Latin Mass Restrictions Activate the Laity
This past Saturday, a group of 300 Catholics processed five miles between St. Thomas More Cathedral in Arlington, VA (the main cathedral of the Diocese of Arlington) and St. Matthew the Apostle Cathedral in Washington, D.C. (the main cathedral of the Archdiocese of Washington, D.C.). We carried beautiful Catholic banners, flags, and processional crosses, chanted the rosary, and sang Marian hymns.
What could have brought so many Catholics into the street to participate in a two-hour march? The power and beauty of the Traditional Latin Mass—and the cruelty of attempts to restrict it. Specifically, this march was prompted by Traditionis Custodes and the harsh restrictions on the celebration of the Traditional Latin Mass subsequently announced by Cardinal Gregory of the Archdiocese of Washington, D.C. (on July 22) and Bishop Burbidge of the Diocese of Arlington (on July 29, 2022).
As I noted in my speech at the end of the pilgrimage, “Traditionis Custodes, and these decrees, have done what hundreds of synodal listening sessions and ecumenical councils could not—they have activated the laity.” That is, “they have emboldened us to leave the quiet of the pews and venture into the street, to proclaim what Popes and tradition and the Church teach to be true—that ‘what earlier generations held as sacred, remains sacred and great for us too, and it cannot be all of a sudden entirely forbidden or even considered harmful.’”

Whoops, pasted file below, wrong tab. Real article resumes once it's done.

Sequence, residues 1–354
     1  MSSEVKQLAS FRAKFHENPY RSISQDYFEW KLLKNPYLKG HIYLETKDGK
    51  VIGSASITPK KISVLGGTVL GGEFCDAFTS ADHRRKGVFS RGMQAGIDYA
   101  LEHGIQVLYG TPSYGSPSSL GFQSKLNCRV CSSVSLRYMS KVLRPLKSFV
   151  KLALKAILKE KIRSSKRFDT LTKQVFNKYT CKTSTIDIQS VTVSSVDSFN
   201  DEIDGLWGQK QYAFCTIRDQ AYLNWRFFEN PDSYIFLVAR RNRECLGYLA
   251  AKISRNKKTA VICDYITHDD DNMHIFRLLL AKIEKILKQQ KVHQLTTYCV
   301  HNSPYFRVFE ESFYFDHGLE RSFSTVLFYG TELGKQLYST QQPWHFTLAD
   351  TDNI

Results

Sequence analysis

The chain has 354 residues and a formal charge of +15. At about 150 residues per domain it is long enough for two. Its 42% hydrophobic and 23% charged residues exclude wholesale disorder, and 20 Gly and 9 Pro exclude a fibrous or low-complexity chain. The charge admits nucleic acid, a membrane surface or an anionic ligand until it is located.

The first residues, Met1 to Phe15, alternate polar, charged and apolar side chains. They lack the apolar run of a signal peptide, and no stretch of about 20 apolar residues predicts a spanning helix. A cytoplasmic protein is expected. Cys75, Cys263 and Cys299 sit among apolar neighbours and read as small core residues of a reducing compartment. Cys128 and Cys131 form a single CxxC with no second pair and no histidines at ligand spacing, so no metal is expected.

The decrees from our bishops were harsh indeed. Cardinal Gregory’s decree ordered that the Traditional Latin Mass must end entirely at all but one parish location, and all Latin Mass attendees herded to three regional “Mass Centers.” Bishop Burbidge’s decree cancelled all but three parish Traditional Latin Masses (out of 21), and permitted five more in offsite locations such as school gyms and social halls—but not in the parish church.
However, our pilgrimage was not about protesting our bishops or the Pope, but making a show of gratitude for the Traditional Latin Mass and the graces it has given us, and a show of sorrow over what we have lost with the new restrictions. As I noted in my speech, “We pray for our Bishops, who allowed us to experience the riches of the older form of the liturgy for so long!” and “[w]e will continue to work with our Bishops, pray for our Bishops, with the confidence that these restrictions will not and cannot last.”
In our pilgrimage, we successfully demonstrated the beauty and vitality of the movement for the Traditional Latin Mass within the Church. Visually. The march was stunning. The marchers were mostly young, with many young families with small children in strollers. It is important for us to reclaim space as Catholics, and we truly had the feeling of reclaiming the space for Christ as we marched through the streets of Arlington and over the Key Bridge into Washington, D.C. The pilgrimage felt like a great spiritual army moving through Arlington and Washington, D.C., spreading the truth of Christ and His grace into the world.